The film opens with a shot of Harrison Guy, Pride Houston’s 2019 Male Grand Marshal, against a warehouse background. Rose petals fall on him as music plays. Every ten minutes, a musical dream sequence occurs. In one, Guy is floating freely underwater. In another, a tap dancer performs a routine in a boxing ring. Ellison shows how masculinity can be a mixture of both brute strength and gentle creativity.
The cinematography is professionally done, but it’s also obvious that the film was made on a tight budget. This actually works in the film’s favor by allowing the interviews to come across as heartfelt and without pretense. The work is a labor of love.
The crew wanted the film to have a healing message. Ellison says, “We want people to walk away challenging old ideas and thinking of new ways to start processing. Viewers will come away with some, but not all, answers. What we give them is a platform to begin conversations that have never been there before.”
Ellison wants to take the film to schools, colleges, community centers, film festivals, and other venues where people are open to exploring the issue of toxic masculinity. The intent is to use the film to spark serious discussions after the screenings.
“Black men need a space to go to heal,” Ellison says. “Women have done a better job of healing and release. Men don’t always have to talk about sports—they need to talk about the stuff they think about [when they] can’t sleep—unresolved issues from fifteen years ago. They need to address the little boy inside them, who has never had a voice.”
While each interviewee has his own story to tell, there are also common threads that run through all of the interviews: vulnerability, self-love, and tears. “I never saw my father cry” is a refrain often heard during the interviews.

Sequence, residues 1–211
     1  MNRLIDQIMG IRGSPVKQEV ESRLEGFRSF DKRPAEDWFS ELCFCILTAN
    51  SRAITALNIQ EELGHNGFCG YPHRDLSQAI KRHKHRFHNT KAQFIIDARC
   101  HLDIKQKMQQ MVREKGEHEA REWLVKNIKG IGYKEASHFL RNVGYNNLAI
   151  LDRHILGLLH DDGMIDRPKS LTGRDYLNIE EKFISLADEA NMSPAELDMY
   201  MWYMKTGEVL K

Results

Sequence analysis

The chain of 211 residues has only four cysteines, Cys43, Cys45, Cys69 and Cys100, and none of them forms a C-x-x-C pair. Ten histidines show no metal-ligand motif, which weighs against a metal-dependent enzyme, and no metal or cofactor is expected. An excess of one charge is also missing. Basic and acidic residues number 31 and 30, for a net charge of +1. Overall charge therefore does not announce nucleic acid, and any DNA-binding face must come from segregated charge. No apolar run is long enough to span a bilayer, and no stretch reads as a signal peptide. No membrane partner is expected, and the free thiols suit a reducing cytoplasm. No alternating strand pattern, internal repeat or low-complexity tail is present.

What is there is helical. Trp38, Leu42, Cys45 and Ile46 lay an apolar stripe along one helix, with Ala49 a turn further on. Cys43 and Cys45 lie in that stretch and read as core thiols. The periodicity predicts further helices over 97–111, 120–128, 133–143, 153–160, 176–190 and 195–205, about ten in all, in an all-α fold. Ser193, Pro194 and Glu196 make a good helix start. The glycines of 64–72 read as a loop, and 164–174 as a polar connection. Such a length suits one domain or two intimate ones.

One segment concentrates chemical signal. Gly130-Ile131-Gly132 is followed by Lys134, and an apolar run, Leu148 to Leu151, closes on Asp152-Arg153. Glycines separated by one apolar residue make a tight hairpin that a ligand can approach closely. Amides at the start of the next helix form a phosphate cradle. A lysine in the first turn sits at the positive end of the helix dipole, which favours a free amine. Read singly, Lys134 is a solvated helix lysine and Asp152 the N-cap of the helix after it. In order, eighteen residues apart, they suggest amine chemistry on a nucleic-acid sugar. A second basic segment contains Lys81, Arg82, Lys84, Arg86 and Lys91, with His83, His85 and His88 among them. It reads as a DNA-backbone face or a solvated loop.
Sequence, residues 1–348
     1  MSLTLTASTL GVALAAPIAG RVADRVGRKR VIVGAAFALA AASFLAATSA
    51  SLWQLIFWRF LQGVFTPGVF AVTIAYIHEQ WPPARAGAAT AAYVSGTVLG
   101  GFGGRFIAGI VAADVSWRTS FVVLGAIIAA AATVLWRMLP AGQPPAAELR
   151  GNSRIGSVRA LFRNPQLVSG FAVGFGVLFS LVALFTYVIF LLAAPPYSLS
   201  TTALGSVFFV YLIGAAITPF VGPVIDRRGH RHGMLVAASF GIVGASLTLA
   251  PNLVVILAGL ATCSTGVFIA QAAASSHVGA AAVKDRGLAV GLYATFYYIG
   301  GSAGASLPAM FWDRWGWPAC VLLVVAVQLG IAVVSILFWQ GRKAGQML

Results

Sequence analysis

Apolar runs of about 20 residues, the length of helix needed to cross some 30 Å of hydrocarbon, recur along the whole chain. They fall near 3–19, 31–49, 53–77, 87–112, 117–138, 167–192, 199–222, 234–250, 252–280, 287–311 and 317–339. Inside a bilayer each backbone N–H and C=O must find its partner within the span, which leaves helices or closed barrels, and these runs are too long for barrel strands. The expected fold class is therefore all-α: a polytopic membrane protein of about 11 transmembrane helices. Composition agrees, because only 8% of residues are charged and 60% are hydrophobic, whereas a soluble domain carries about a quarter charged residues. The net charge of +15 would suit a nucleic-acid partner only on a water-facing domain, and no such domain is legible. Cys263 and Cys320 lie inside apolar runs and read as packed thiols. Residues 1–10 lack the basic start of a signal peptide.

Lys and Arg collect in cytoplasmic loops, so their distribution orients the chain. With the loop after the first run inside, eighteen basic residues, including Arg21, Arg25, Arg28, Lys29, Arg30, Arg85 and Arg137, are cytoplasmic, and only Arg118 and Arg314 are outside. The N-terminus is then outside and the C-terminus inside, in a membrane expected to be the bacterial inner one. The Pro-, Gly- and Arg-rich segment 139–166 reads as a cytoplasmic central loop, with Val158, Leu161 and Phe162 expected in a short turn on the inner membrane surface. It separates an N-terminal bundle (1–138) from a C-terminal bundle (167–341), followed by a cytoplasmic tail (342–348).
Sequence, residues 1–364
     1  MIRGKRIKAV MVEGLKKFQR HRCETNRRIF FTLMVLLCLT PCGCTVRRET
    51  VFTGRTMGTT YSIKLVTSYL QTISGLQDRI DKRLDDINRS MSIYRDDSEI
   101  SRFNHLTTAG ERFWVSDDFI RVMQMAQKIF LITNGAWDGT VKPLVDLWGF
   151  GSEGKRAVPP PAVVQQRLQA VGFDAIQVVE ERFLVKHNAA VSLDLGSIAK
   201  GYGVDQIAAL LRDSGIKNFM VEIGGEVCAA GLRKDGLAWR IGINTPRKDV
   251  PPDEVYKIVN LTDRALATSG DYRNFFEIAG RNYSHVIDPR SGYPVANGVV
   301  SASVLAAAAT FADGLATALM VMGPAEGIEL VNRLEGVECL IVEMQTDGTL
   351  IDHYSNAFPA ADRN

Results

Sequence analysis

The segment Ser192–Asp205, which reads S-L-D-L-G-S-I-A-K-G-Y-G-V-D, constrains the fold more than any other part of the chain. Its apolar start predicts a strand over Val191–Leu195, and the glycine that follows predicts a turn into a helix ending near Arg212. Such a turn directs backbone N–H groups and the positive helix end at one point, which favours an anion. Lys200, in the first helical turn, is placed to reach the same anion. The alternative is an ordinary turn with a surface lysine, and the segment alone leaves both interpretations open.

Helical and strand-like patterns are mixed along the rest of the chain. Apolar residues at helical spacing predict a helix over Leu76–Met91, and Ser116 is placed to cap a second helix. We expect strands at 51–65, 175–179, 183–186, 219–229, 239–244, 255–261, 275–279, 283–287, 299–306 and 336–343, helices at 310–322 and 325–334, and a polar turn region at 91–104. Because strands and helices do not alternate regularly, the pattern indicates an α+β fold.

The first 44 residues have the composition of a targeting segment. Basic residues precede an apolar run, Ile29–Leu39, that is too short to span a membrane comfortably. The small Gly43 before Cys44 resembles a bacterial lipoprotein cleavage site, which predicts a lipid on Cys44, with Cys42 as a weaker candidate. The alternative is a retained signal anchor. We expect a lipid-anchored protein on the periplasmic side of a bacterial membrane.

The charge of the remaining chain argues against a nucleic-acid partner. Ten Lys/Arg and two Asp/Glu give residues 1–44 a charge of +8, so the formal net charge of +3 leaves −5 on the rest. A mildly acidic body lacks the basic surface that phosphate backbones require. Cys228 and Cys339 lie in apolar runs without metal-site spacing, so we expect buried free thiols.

In one particularly moving segment, artist Michael Stevenson is asked to talk to himself as a 14-year-old boy. Brushing back tears, Stevenson delivers a poignant response.
The men also talk about black versus white masculinity. In the black environment, boys are taught to be hard because the world is going to be a tougher place for them than it is for white boys. Creative pursuits such as dance and art are looked down upon, with judgmental labels quick to follow. Therapy is looked on as the sign of a shameful mental illness, and not easily embraced. Boys are told to “man up,” which is code for ignoring their feelings and acting like everything is okay.
Even though Ellison played college football, he still had to come to terms with his nurturing nature. The film’s message is very personal to him, and led to some “Aha” moments of his own. Harrison Guy told him that it’s one thing to be gay, and another to be black and gay. When Ellison was growing up, the black barbershop was his refuge. But Guy never felt safe there, and it wasn’t a place he wanted to go. “I’d never thought about that,” Ellison admits.